Big Sur 11.3 progresses support of external bootable disks by M1 Macs, but can still appear flawed and unreliable, at least with non-Thunderbolt SSDs. To explore this, I’ve spent many mindbending hours with two M1 Macs, a mini and a MacBook Pro, a couple of external SSDs and a bunch of cables. This article summarises the current state of support following the 11.3 update.
Thunderbolt is go
Significant improvements come in updating Thunderbolt SSDs which already have macOS 11.2.x installed. Some users report that, when started up from their external SSD, they have been able to use Software Update to update that disk to 11.3. However, in my case, once I had updated internal SSDs to 11.3, I was unable to use the Startup Disk pane to boot from that external disk. macOS complained that the external SSD lacked authorised users, but when one was selected, it restarted into Recovery Mode and decided that it couldn’t boot from that installation of macOS after all.
If that happens to you when trying to start up from an external bootable disk with an older version of Big Sur, the best choice is likely to be to restart from the internal SSD, download the full 11.3 installer, and install from that to the external disk. The other option offered is to install 11.3 in Recovery Mode, which you may prefer to avoid. Either way it’s essential to have a good backup of your Data volume before proceeding.
The Big Sur 11.3 installer tries to detect whether there’s an existing Data volume on the disk on which it’s installing Big Sur. If it finds one which it can bond the System volume to, then the installer prompts you to select one of its existing users for authorisation and should then complete the installation using the existing Data volume. Experience suggests that this may not always be completely reliable, though, and you should be prepared for it failing.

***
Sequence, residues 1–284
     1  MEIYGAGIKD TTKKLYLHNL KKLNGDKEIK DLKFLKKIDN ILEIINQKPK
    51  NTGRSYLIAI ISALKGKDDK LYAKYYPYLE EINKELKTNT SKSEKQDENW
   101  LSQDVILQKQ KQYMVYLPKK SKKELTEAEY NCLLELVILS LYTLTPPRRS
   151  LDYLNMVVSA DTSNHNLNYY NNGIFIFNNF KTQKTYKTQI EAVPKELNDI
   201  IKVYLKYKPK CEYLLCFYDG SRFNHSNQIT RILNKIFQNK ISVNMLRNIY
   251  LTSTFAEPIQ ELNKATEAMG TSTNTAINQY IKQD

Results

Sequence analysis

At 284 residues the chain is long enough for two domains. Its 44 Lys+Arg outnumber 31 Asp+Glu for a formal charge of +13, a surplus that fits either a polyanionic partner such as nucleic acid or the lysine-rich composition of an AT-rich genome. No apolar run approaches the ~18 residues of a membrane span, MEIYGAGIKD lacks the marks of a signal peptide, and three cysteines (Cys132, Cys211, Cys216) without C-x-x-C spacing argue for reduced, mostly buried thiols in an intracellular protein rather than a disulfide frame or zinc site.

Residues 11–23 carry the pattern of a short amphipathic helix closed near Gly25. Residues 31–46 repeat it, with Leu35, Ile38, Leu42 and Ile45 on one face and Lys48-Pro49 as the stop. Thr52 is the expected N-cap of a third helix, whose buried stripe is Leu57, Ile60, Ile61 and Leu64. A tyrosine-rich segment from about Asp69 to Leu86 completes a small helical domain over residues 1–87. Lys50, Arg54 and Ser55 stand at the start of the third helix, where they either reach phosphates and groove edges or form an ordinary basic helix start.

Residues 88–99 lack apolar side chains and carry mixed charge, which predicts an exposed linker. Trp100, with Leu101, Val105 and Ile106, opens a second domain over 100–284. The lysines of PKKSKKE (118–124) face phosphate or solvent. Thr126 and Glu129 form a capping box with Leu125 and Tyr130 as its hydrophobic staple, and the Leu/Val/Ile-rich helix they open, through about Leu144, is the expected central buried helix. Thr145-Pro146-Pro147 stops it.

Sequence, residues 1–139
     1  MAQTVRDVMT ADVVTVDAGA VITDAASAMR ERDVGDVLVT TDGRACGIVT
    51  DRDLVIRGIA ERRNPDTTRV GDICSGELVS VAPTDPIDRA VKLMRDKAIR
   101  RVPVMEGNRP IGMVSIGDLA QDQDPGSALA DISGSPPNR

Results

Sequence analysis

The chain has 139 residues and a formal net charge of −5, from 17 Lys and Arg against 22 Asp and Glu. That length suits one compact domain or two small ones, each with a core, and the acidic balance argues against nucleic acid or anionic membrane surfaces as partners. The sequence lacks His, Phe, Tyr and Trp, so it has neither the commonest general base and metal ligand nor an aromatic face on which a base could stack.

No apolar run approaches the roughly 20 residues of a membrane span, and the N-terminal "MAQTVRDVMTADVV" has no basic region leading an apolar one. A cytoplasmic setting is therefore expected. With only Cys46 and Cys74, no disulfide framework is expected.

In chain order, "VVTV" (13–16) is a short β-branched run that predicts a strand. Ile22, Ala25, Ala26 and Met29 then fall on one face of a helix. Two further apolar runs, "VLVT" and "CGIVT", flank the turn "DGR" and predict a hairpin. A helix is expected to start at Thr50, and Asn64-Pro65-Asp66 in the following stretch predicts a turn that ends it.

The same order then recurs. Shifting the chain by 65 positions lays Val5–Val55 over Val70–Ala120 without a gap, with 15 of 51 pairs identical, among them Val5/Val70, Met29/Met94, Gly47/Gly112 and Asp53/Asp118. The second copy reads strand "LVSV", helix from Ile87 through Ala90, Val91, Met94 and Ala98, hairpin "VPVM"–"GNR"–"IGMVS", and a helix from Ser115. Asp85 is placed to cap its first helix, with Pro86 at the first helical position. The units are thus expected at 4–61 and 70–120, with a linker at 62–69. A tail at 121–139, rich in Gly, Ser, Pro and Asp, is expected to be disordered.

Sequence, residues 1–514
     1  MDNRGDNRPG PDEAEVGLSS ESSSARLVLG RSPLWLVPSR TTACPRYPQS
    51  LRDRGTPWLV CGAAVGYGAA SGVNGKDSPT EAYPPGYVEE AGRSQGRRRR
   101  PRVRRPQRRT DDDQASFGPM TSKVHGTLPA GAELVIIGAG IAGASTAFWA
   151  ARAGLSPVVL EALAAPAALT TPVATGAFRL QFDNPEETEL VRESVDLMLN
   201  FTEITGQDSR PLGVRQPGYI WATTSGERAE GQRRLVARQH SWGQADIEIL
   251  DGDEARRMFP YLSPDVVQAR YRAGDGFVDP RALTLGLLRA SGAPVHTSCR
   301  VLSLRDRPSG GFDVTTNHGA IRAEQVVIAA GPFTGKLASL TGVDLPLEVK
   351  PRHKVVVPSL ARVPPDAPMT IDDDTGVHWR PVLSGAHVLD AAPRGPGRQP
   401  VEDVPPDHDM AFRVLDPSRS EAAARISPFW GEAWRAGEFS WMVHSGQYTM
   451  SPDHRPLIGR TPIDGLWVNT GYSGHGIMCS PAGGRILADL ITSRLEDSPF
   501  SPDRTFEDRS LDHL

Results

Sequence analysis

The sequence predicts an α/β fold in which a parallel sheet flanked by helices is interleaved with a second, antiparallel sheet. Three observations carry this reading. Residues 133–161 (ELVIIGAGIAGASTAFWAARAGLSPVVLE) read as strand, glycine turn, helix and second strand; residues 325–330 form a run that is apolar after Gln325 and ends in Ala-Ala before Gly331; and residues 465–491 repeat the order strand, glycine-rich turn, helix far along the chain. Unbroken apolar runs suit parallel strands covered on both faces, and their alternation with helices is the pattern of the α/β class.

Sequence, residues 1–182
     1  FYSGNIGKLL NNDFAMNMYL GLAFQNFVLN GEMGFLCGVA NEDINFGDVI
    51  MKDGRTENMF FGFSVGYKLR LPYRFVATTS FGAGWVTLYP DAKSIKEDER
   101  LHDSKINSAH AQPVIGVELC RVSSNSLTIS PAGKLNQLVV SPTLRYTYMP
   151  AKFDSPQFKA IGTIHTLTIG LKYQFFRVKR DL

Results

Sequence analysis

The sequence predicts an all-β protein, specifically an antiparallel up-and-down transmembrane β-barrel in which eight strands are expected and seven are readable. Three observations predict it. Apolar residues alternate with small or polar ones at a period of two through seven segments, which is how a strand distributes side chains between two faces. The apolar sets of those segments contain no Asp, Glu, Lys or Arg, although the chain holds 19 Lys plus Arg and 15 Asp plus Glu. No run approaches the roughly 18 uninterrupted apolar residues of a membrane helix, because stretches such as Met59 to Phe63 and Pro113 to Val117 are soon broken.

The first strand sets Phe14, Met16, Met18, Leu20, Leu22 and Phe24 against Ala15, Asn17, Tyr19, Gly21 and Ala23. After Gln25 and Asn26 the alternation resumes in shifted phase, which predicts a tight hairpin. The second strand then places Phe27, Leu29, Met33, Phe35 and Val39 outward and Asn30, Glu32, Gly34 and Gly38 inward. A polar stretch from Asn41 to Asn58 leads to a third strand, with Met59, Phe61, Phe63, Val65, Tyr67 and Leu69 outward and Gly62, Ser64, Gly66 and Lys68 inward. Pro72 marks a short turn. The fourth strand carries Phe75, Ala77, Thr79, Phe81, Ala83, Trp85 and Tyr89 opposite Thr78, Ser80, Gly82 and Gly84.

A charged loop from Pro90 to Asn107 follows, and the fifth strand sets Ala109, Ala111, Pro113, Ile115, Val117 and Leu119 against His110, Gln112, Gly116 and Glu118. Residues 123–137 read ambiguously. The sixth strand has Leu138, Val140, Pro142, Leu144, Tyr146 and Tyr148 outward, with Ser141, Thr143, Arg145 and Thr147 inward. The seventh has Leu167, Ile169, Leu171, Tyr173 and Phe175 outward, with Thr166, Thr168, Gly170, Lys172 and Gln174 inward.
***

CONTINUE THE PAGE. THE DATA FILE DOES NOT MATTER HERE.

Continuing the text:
When the 11.3 installer is unable to find a suitable Data volume on the external disk, it then creates a fresh Data volume during the installation. You’ll be invited to create a new owner for that, with the offer of migrating the current user. If you want to do that, format the external disk (or at least erase any current System volume) before starting the installation.
USB-C is still wobbly
My standard test USB-C SATA SSD still won’t install Big Sur 11.3 when connected to my M1 Mac mini using a Thunderbolt 3 cable, or with an ordinary USB-C cable. The installer app runs right the way through to its restart, which fails and returns to starting up from the internal SSD. Any attempt to use the Startup Disk pane to restart from the external SSD is doomed to error.
When connected to a USB-A port on the Mac mini, though, installation of Big Sur 11.3 completes successfully, and the Mac restarts from the external disk. Once that is complete, the Mac can be restarted from the internal SSD, the external SSD ejected and its cable swapped for a Thunderbolt 3 or 4 cable for further use. Subsequent boots from the external disk were invariably successful, provided that Big Sur was installed when it was connected to a USB-A port. For a MacBook Air or Pro, that may require using an external dock, which can bring its own problems.
Restarting to the other SSD
Strangely, with both bootable external SSDs (Thunderbolt 3 and USB-C), changing between booting from the external or internal SSD often takes you through the Recovery Assistant, despite the Mac being restarted from the Startup Disk pane. Although not a problem, it means that switching between disks can require two restarts. This behaviour isn’t consistent, and appears less likely to occur when switching from the internal SSD to an external boot disk.